Archive for the ‘Adolf Hitler’ Tag

Devotion for Saturday Before Proper 24, Year A (ELCA Daily Lectionary)   1 comment

Beheading of St. John the Baptist Caravaggio

Above:  The Beheading of St. John the Baptist, by Caravaggio

Image in the Public Domain

Oppression

OCTOBER 17, 2020

++++++++++++++++++++++++++++++++++++++++++

The Collect:

Sovereign God, raise your throne in our hearts.

Created by you, let us live in your image;

created for you, let us act for your glory;

redeemed by you, let us give you what is yours,

through Jesus Christ, our Savior and Lord.  Amen.

Evangelical Lutheran Worship (2006), page 50

++++++++++++++++++++++++++++++++++++++++++

The Assigned Readings:

Isaiah 14:3-11

Psalm 96:1-9 [10-13]

Matthew 14:1-12

++++++++++++++++++++++++++++++++++++++++++

He [the LORD] will judge the world with righteousness

and the people with his truth.

–Psalm 96:13, The Book of Common Prayer (1979)

++++++++++++++++++++++++++++++++++++++++++

Herod Antipas (reigned 4 B.C.E.-39 C.E.) was a bad character and a client ruler (a tetrarch, not a king, by the way) within the Roman Empire.  He had married Herodias, his niece and daughter-in-law, an act for which St. John the Baptist had criticized him.  This incestuous union violated Leviticus 18:16 and 20:21 and did not come under the levirate marriage exemption in Deuteronomy 25:5.  John, for his trouble, lost his freedom and his life.  Salome (whose name we know from archaeology, not the Bible), at the behest of her mother, Herodias, requested the head of the holy man on a platter.

The text from Isaiah 14 is an anticipated taunt of the Chaldean/Neo-Babylonian Empire.

How the oppressor has ceased!

How his insolence has ceased!

–Isaiah 14:3b, The New Revised Standard Version (1989)

That oppression and insolence did cease in the case of Herod Antipas.  He had deserted the daughter of King Aretas IV of the Nabateans to wed Herodias.  In 36 C.E. Aretas took his revenge by defeating Herod Antipas.  The tetrarch sought Roman imperial assistance yet gained none, for the throne had passed from Tiberius to Caligula.  Herod Antipas, encouraged by Herodias, requested that Caligula award him the title of “King” as the Emperor had done to the tetrarch’s nephew (and brother of Herodias), Herod Agrippa I (reigned 37-44 C.E.).  Yet Herod Agrippa I brought charges against Herod Antipas, who, having traveled to Rome to seek the new title in person, found himself exiled to Gaul instead.  The territories of Herod Antipas came under the authority of Herod Agrippa I who was, unfortunately, one of the persecutors of earliest Christianity (Acts 12:1-5).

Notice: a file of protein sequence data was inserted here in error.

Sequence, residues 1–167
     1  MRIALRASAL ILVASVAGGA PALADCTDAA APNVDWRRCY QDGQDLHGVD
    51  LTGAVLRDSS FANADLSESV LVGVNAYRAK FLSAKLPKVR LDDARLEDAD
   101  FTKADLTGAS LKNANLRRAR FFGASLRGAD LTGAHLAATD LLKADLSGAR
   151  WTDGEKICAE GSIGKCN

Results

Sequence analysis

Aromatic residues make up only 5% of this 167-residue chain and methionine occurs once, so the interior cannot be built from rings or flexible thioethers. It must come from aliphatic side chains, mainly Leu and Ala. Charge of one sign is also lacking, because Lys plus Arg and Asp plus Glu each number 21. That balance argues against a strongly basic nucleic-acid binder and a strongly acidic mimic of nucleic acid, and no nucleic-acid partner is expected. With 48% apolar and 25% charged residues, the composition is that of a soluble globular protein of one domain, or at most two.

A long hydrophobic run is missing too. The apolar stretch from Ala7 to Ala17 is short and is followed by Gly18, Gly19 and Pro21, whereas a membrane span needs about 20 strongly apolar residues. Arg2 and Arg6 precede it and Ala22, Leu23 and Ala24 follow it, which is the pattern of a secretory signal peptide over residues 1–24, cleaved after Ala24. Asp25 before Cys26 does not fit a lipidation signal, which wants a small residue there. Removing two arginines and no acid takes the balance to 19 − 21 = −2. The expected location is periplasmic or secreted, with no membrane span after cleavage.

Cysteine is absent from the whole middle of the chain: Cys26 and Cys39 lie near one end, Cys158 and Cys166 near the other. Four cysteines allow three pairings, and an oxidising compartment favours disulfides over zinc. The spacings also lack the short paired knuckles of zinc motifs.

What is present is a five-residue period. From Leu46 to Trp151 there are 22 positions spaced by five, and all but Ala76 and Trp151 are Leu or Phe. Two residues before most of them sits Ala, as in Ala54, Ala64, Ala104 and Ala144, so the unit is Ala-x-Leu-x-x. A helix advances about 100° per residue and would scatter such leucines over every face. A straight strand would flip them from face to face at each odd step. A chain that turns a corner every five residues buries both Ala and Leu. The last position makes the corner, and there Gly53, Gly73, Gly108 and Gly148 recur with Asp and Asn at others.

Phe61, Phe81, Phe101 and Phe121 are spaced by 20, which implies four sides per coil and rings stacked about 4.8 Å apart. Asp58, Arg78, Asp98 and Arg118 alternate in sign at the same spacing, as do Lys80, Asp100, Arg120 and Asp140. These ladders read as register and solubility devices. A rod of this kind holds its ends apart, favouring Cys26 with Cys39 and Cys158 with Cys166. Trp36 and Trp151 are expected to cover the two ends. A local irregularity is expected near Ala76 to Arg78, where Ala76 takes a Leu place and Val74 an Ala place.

Oppression has never disappeared from the face of the Earth.  Certain oppressive regimes have ended, of course, but others have continued the shameful tradition.  You, O reader, can probably name some oppressive regimes in the news.  Sometimes they fight each other, so what is one supposed to do then?  I remember that, during my time as a graduate student at Georgia Southern University, Statesboro, Georgia, I took a course about World War II.  The professor asked us one day that, if we had to choose between following Joseph Stalin or Adolf Hitler (a decision many in Eastern Europe had to make in the early 1940s), whom would we select?  I said, “Just shoot me now.”  That, I imagine is how many people in Syria must feel in 2014.

Only God can end all oppression.  Until God does so, may we stand with the oppressed and celebrate defeats of oppressors.  Some good news is better than none, after all.

KENNETH RANDOLPH TAYLOR

AUGUST 31, 2014 COMMON ERA

PROPER 17:  THE TWELFTH SUNDAY AFTER PENTECOST, YEAR A

THE FEAST OF SAINT AIDAN OF LINDISFARNE, ROMAN CATHOLIC BISHOP

+++++++++++++++++++++++++++++++++++++++++++

http://blogatheologica.wordpress.com/2014/09/05/oppression/

+++++++++++++++++++++++++++++++++++++++++++

Advertisements

Devotion for Monday, Tuesday, and Wednesday After Proper 18, Year A (ELCA Daily Lectionary)   1 comment

3g04792v

Above:  A Visual Protest Against Police Brutality and Corruption, June 11, 1887

Artist = Eugene Zimmerman (1862-1935)

Image Source = Library of Congress

Reproduction Number = LC-USZC4-4792

Good Trees for God

SEPTEMBER 7-9, 2020

+++++++++++++++++++++++++++++++++++

The Collect:

O Lord God, enliven and preserve your church with your perpetual mercy.

Without your help, we mortals will fail;